Task Prioritization 101: Everything you need to know

A person prioritizing tasks and using their smartphone.

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Do you get to work every day and find yourself instantly having to tackle a huge to-do list? If so, this post on task prioritization is for you.

Typically, you’ll want to organize the tasks by the most urgent first, then work your way down the list. However, you may still find that you’re struggling to get everything done during the day. 

If that sounds like you, then you’ll need some help prioritizing tasks. When you can tackle them in the right order, you’ll be able to really get a handle on your work, and not feel as though you’re rushing to complete it all the time.

Here’s what you need to know about task prioritization, and how you can improve your workflow

The Importance of Task Prioritization

Can’t you just go down your to-do list one task at a time and get things done? You might be asking yourself that question right now.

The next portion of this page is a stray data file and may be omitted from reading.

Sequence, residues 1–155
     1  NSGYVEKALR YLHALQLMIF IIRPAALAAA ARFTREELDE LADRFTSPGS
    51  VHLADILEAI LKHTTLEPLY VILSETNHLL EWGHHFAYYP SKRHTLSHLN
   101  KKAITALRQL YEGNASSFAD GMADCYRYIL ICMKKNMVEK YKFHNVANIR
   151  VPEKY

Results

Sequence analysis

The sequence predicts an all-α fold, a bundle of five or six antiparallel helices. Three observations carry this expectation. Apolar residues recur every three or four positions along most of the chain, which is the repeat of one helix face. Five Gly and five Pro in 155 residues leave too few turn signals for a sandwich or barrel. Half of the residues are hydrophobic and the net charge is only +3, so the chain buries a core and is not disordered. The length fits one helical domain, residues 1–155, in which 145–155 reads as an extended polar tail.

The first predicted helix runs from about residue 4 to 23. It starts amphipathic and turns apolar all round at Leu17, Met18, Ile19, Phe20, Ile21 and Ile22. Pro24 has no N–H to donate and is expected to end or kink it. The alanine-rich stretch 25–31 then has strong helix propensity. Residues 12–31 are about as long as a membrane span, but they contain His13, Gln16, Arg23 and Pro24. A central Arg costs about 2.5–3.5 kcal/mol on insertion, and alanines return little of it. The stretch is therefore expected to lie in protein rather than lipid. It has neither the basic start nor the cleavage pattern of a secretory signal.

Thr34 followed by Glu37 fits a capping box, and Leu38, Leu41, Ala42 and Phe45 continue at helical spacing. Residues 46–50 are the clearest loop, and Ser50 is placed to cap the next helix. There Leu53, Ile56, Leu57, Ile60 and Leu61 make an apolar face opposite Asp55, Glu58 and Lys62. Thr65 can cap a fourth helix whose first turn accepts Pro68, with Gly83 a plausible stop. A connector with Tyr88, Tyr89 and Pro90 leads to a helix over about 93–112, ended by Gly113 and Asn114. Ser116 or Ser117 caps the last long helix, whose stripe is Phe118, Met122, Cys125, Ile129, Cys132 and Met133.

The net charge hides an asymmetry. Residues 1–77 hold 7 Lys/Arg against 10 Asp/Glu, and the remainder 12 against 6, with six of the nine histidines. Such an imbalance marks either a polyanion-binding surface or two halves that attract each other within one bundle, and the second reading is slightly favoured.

You can certainly work that way, but it’s not the most efficient way. If you want to get more done during the workday, you’ll want to prioritize those tasks in a manner that’s best for your business. 

When you prioritize your tasks, you’ll be able to meet deadlines quicker, as you’ll be working on the most critical tasks first.

In addition, you’ll be able to better utilize the time you do have, as well as the resources you have on hand. As such, you’ll better manage your team’s workload as a whole. 

Start by Identifying Your Tasks

Before you can start prioritizing those tasks, you need to understand what they are. To do that, you’ll need to make a master task list. 

The problem with your tasks is that they’re coming from all kinds of places. These include your boss, various communication channels, emails, colleagues, and more. As they’re all spread out, it’s hard to keep track of what’s going on or what you need to take care of. 

That’s where a master task list comes in. A master list of every task that you need to manage can help you stay up to date.

“When you have that list all in one place, then it’s much easier to see exactly what’s expected of you and how much you have on your plate,” says Neil Pierce, a task manager at Assignment Help and Ox Essays. “When something new comes in, you should note it down right away on the master list.”

Where to Keep Your Master List of Tasks